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Different Methods of Impact Evaluation

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  1. Different Methods of Impact Evaluation

  2. How to measure impact? • Assessing causality Impact of program = outcome 1 – outcome 2 In practice, we compare two groups, one of which benefited from the program, the other one did not Event 2 (Effects) Outcome 1 Event 1 e.g. Education program/ treatment Causes Event 2 occurs if and only if Event 1 occurred before Event 1 No Education Program Event 2 Outcome 2 Causes

  3. Constructing the counterfactual • The counterfactual • what would have happened in the absence of the program? … • … for the people who benefitted from the program: we don’t observe it • thus, impact evaluation will have to mimic it • Counterfactual is constructed by selecting a group not affected by the program – this is the main challenge of impact evaluation • Methods differ by the way the counterfactual is constructed

  4. Non-Experimental Methods • Differences between outcomes for treated and non-treated (in our ex: reached / not) are the sum of • Inherent differences: “SELECTION” BIAS • TREATMENT EFFECT: that we want to isolate from 1 • The essence of non-experimental methods is to find a way to redress the selection bias ex-post.

  5. Non-Experimental Methods • Simple Difference • Multivariate (Multiple) Regression • “Difference in difference” (Multiple Regression with Panel Data) • Matching • Randomization/RCT’s (advanced topic covered separately)

  6. Simple difference • Simple difference is a first measure – why is it not sufficient? • There may be differences between the two groups (age, location, gender, initial endowment, bargaining power) • So we may want to control for these differences

  7. Multi-variate regression • Suppose we can observe these differences. • Age composition of the group, initial infrastructure in the school, level of education, … • We can include all these variables in a regression: Y = a.T + b.Age + c.Infr + d.Edu +… • A regression provides the linear combination of observable variables that best “mimics” the outcome • Each coefficient represents the effect of each variable • Will give us the effect of the treatment everything else being equal, or more exactly every other observable characteristics being equal

  8. Multi-variate regression • Problems of the regression • You may want to include many many variables, to control for as many characteristics as possible • Problem of sample size (degrees of freedom) • More important: do you have measures of everything? • Bargaining power, Pro-activeness, Intrinsic motivation, hopelessness • There are unobservables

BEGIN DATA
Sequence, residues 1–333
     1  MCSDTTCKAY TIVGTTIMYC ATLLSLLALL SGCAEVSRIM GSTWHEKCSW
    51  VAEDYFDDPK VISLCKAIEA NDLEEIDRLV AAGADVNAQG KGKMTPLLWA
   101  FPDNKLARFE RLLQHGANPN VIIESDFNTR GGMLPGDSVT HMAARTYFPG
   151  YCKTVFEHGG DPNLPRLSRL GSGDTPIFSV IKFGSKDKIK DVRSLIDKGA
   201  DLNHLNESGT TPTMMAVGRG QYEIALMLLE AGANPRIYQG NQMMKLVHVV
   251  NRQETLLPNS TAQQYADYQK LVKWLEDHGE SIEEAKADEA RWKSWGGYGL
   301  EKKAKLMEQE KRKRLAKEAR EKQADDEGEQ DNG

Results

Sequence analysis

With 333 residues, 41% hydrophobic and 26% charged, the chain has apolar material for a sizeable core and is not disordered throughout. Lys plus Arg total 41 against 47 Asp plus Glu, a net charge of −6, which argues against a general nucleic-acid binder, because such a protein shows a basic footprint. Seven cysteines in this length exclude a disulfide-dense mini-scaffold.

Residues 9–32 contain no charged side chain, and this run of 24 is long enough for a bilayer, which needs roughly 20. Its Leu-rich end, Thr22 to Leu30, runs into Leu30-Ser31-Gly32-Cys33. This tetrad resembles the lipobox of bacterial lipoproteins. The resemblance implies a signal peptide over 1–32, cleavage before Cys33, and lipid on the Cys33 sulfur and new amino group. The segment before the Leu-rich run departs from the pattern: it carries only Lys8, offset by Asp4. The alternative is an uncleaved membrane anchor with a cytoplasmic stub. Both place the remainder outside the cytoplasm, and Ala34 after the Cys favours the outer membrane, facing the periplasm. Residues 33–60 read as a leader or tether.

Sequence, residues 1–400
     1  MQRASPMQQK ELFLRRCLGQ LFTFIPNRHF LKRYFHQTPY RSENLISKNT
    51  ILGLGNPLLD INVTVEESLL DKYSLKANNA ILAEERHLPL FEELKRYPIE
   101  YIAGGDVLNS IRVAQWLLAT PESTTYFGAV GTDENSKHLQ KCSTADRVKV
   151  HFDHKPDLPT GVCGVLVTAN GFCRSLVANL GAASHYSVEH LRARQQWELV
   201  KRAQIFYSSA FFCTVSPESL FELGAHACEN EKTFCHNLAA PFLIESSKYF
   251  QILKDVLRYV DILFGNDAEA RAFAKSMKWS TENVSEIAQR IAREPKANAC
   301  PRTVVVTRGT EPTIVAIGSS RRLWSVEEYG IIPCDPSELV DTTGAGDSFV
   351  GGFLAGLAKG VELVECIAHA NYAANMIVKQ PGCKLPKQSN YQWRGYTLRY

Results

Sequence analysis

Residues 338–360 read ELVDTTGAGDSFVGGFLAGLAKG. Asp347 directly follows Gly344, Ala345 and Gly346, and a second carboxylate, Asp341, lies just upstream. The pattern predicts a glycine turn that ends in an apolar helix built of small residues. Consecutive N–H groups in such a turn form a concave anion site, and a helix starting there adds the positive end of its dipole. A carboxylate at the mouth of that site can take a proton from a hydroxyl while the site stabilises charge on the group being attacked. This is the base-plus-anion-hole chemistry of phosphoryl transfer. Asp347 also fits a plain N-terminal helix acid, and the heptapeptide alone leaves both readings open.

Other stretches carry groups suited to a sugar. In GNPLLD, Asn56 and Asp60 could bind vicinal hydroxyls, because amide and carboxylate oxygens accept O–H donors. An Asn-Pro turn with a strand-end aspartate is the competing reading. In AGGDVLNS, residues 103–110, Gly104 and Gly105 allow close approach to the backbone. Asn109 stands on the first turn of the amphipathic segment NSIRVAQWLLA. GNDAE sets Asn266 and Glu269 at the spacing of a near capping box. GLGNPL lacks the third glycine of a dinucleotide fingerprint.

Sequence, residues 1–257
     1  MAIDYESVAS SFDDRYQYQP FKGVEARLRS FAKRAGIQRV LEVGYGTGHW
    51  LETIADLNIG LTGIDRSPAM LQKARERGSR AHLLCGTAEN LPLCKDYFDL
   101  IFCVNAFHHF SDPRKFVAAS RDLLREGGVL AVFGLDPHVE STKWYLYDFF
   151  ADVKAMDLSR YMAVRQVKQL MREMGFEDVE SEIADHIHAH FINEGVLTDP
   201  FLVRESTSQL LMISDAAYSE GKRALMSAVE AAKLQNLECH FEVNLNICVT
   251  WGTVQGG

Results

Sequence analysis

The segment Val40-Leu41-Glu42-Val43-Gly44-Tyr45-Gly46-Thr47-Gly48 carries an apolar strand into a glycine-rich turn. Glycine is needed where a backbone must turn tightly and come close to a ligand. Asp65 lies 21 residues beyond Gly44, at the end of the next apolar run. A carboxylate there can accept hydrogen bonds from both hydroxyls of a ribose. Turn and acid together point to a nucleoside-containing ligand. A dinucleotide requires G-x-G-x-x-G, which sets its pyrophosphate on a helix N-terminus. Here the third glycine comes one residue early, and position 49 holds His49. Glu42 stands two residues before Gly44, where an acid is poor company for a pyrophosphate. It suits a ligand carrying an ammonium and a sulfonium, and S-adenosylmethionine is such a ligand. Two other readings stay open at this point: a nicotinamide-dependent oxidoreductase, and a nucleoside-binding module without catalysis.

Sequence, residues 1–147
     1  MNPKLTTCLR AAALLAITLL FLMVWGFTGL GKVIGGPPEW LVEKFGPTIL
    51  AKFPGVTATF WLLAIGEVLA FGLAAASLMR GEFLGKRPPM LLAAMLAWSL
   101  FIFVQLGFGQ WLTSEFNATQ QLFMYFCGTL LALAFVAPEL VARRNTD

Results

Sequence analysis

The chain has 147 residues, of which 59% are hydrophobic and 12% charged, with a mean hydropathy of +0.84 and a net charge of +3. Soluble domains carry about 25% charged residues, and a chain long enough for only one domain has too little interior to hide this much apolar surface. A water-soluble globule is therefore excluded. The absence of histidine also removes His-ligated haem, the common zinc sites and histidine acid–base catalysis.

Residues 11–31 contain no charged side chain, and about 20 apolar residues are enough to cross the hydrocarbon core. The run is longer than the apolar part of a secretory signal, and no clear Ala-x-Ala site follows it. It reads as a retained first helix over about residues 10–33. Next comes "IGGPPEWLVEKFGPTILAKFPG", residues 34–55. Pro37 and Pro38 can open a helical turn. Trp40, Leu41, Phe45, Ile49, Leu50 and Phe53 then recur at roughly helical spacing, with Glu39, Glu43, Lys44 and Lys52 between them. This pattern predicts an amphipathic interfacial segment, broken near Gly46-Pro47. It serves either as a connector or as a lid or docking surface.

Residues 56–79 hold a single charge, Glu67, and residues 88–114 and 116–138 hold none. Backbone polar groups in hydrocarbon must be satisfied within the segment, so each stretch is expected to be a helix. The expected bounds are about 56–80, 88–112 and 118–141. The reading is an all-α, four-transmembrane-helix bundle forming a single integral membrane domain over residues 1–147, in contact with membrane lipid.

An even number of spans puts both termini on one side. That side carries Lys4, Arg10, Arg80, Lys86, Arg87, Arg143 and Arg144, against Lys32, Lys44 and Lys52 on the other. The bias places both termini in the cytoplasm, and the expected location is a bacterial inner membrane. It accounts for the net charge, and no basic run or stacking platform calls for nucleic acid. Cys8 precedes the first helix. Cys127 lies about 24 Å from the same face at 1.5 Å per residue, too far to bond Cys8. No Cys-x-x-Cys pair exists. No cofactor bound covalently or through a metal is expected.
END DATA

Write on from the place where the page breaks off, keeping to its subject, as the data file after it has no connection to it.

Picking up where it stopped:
9. Panel data • Simple difference: before/after • Counterfactual = same group before the program • Can we trust this? Assumption = would have remained the same • Ex: Police project • Double difference • Control for the situation before the program • Ex: Group 1 = Treatment Group; Group 2 = Control Group • 2006: Group 1 : 30 Group 2 : 60 2009: Group 1 : 50(+66%) Group 2 : 90 (+50%) Effect = +16% • Assumption: they would have grown at the same pace • Not sure…

  10. Matching • We compare pairs of 2 individuals for which the values taken by ALL variables are the same

  11. Matching • Variation: Propensity Score Matching: all the variables do not need to be exactly the same, but you look for individuals which have the same “profile” • Problems • This matching method requires a big dataset: find pairs on a sufficient number of variables • What about unobservables?

  12. An example • Case study: US Congress elections, 2002 • 60 000 phone calls to potential voters to encourage them to vote; 25 000 reached • Outcome: did they actually go vote? • 1st method: compare the 25 000 (reached) vs. the 35 000 (not reached) • 2nd method: introduce co-variates in a regression • 3rd method: introduce baseline data (vote in 1998) • 4th method: do a matching

  13. 1st comparison: we suspect a selection bias Selection Bias: differences in observable / unobservable characteristics → differences in outcome not due to the treatment 13

  14. Non-Experimental Methods

  15. For more details, please read Case Study: “Get out the vote? Do phone calls encourage voting” under References